As Cornell considers geothermal heat to warm its campus, Icelandic engineer Thorleikur Johannesson told the story of how his country abandoned coal and set standards to achieve blue-ribbon blue skies in an Oct. 16 visit to Cornell.
In his keynote talk, “The Potential of Geothermal Energy: Lessons From Iceland,” Johannesson showed images of a grungy, sooty Reykjavik shrouded in smog. By the late 1930s, Iceland was beginning to change from heating with coal to tapping into Earth’s natural hot water. Scuttling coal removed the grime from Icelandic streets and restored the beauty of the country’s azure skies.
Johannesson said 85 percent of Iceland’s annual energy comes from domestic, renewable resources. Hydropower there produces about 71 percent of the country’s electricity and geothermal energy about 29 percent. In a country of 330,000 people, residential housing consumes only about 5 percent of the electricity.
Today the geothermal energy system is fully developed in Reykjavik, its suburbs and throughout small towns in Iceland, as virtually all residential homes are heated this way. “It was street-by-street, house-by-house, and we did it. Some people take it for granted, as it hasn’t always been like this. It took 90 something years to get where we are,” Johannesson said.
“Most of the politicians in Iceland – and I mean most of them – have been pro-geothermal, and we think it is important to have the politics on our side,” he said.
After Johannesson spoke, panelists Jeff Tester, the Croll Professor of Sustainable Energy Systems in the Robert Frederick Smith School of Chemical and Biomolecular Engineering; KyuJung Whang, vice president for infrastructure, properties and planning; and Todd Cowen, professor of civil and environmental engineering and the Kathy Dwyer Marble and Curt Marble Faculty Director for Energy at the Atkinson Center for a Sustainable Future, spoke about researching geothermal energy for Cornell.
Tester said this country needs to adopt an Icelandic approach to integrate geothermal and other renewable sources to produce a clean energy economy while reconstructing America’s infrastructure.
Referencing Cornell’s recent Senior Leaders Climate Action Group report on achieving campus carbon neutrality by 2035, Whang said, Earth Source Heat is one of several options being examined for carbon neutrality. Each option carries a cost, he explained. Further, it would be difficult for the university to ultimately attain carbon neutrality by keeping the status quo, and continuing to use natural gas and other fossil fuels.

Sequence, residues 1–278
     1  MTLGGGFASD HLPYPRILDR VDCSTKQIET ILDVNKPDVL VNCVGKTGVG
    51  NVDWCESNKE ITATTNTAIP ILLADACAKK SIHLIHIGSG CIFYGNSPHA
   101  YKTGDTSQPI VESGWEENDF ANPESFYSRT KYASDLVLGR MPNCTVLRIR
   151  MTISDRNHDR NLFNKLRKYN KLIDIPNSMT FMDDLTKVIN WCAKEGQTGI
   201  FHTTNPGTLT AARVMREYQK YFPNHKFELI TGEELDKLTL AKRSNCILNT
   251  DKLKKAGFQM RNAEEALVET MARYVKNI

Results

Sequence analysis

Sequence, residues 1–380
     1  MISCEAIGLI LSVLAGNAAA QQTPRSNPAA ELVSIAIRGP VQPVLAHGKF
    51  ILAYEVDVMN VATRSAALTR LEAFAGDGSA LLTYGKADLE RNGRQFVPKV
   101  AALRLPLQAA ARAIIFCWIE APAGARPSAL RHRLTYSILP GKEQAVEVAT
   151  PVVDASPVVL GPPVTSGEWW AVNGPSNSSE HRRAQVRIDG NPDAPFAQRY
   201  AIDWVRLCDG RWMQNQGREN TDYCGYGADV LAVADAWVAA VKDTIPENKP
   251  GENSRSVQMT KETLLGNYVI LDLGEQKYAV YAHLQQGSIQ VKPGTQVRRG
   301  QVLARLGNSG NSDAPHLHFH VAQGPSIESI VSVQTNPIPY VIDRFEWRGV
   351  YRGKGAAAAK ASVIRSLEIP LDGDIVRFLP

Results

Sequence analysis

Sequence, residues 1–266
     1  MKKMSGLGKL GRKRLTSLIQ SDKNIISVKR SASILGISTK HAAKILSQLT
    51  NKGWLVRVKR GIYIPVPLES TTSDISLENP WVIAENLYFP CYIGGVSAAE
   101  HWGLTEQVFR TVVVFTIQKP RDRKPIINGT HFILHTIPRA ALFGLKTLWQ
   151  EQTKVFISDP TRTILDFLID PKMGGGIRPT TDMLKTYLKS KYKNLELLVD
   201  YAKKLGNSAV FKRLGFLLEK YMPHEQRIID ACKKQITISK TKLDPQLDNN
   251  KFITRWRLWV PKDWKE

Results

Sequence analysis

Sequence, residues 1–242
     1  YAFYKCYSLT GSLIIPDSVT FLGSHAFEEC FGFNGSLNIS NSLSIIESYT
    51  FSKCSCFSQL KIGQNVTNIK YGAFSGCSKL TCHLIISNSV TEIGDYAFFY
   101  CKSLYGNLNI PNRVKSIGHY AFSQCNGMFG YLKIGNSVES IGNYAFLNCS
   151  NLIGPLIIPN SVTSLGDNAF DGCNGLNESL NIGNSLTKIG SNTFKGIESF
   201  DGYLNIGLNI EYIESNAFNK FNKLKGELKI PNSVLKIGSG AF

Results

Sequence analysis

Iceland’s achievements impress Whang. “We’re able to see how much work the Icelandic people have done to heat their entire country… to think that you can heat an entire nation this way is mind-boggling to me,” he said.
During the panel discussion, Cowen noted that Cornell’s Combined Heat and Power Plant uses natural gas as a bridge to future energy sources, and methane leakage – at the source – remains a problem. “… moving away from natural gas is important. The goal is to get off of it as rapidly as possible,” Cowen said. “We’ve got a campus that is in the process of engaging all aspects, all academic units, the social sciences, the economists, the business school,” said Cowen. “There is no better place to be than Cornell to lead the country into these future energy spaces and see how we’re going to get there.”
The event was sponsored by the Mario Einaudi Center for International Studies, the Atkinson Center for a Sustainable Future and the Cornell Energy Institute. Johannesson also met with engineering students to discuss heating technologies and solving problems, and he consulted with Cornell facilities engineers to discuss the Earth Source Heat project.